If you’ve been paying any attention at all to the SEO industry over the last few years (or even if you haven’t) you’ll likely be well aware that mobile users make up an ever-increasing proportion of global search traffic, with little sign that the growth will slow any time soon. It should come as no surprise then that Google is making major efforts to improve the search experience for users. In part that means changes to the user interface and improvements to autocomplete, but as of last week it also means prioritising sites with mobile-friendly designs in the search results.
Google first announced plans for the shakeup to search results at the end of February on the Webmaster Tools blog, giving site owners a couple of months’ warning to help them prepare. Let’s take a look at exactly what the company said:
“Starting April 21, we will be expanding our use of mobile-friendliness as a ranking signal. This change will affect mobile searches in all languages worldwide and will have a significant impact in our search results. Consequently, users will find it easier to get relevant, high quality search results that are optimized for their devices.
To get help with making a mobile-friendly site, check out our guide to mobile-friendly sites. If you’re a webmaster, you can get ready for this change by using the following tools to see how Googlebot views your pages:
- If you want to test a few pages, you can use the Mobile-Friendly Test.
- If you have a site, you can use your Webmaster Tools account to get a full list of mobile usability issues across your site using the Mobile Usability Report.”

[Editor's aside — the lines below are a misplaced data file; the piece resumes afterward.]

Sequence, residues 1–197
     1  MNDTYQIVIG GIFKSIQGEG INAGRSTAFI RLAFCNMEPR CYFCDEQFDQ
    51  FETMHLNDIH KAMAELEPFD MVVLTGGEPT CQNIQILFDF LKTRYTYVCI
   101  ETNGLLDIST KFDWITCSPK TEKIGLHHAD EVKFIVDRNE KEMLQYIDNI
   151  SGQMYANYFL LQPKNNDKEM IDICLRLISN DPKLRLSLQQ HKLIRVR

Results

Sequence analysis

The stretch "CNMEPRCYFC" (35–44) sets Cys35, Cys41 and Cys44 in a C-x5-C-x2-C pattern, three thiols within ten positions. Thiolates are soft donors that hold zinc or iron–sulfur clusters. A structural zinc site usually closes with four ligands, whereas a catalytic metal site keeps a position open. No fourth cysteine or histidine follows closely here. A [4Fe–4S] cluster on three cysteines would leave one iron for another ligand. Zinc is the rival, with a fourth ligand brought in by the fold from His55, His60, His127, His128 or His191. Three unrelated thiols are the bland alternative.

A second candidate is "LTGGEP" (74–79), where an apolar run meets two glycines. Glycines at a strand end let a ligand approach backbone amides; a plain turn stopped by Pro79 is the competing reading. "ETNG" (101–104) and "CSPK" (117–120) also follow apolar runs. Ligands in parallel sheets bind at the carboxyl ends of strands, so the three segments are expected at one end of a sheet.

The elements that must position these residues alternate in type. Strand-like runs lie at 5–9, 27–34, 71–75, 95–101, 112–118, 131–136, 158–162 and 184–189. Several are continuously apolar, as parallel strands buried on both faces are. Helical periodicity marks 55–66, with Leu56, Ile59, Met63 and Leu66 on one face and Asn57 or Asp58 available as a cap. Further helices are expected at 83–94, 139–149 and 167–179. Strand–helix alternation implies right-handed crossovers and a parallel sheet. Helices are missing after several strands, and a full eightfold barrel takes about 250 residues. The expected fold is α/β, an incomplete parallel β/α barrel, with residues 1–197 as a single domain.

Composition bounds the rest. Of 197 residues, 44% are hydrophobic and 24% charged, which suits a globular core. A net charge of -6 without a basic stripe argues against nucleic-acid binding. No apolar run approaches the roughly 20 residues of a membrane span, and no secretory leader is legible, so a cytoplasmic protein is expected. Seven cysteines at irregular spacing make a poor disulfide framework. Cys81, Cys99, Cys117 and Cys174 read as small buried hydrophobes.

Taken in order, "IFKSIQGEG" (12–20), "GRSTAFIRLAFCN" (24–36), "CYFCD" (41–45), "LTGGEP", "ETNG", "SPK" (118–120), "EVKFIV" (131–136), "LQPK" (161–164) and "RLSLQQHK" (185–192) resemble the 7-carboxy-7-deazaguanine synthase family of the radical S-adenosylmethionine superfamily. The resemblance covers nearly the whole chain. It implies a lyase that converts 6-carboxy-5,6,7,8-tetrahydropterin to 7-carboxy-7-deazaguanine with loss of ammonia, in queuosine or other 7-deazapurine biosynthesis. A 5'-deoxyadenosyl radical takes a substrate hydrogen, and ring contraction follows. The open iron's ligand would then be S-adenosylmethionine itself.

The announcement is typically light on hard figures, so it’s difficult to predict just how major a change this was. There have already been some signs that this could be a major change to search rankings however. We’ve already reported that Google’s Zineb Ait Bahajji from the Webmaster Trends team claims the update will have a bigger ranking impact than either Panda or Penguin – two of the biggest algorithm updates in years – a claim which should make any webmaster sit up and take notice.
Research from Caphyon AKA Advanced Web Ranking has also seen shifts to ranking results within the first week since the algorithm change took place, with the most-affected sites being those outside of the top-20, which were less likely to be mobile-friendly already.
Do I Need to Do Anything?
The good news is that not every webmaster needs to worry about the changes. For one thing, if your site is already mobile-friendly (more on what that means below) then you’re set – with a bit of luck, you might even have sees your rankings go up since April 21.
Even if your site isn’t mobile-friendly though, you shouldn’t necessarily rush to hire a new web developer. Some companies – especially in the B2B sector – see limited mobile traffic, and potentially none that leads to conversions. If it’s clear from your analytics that you’re getting little to no revenue from mobile search users, then there may be little benefit to a costly mobile-friendly site redesign for you. There’s no point fighting to hang onto mobile search traffic if it plays no part in your revenue stream.
If, like most companies, you’re seeing a growing number of mobile users on your site however, you need to read on to find out how to take advantage of the update.
What is a Mobile-Friendly Site?
While there’s plenty of room for debate on what makes for perfect mobile-friendly design, for our purposes there’s only one really important question: What does Google think is perfect mobile-friendly design?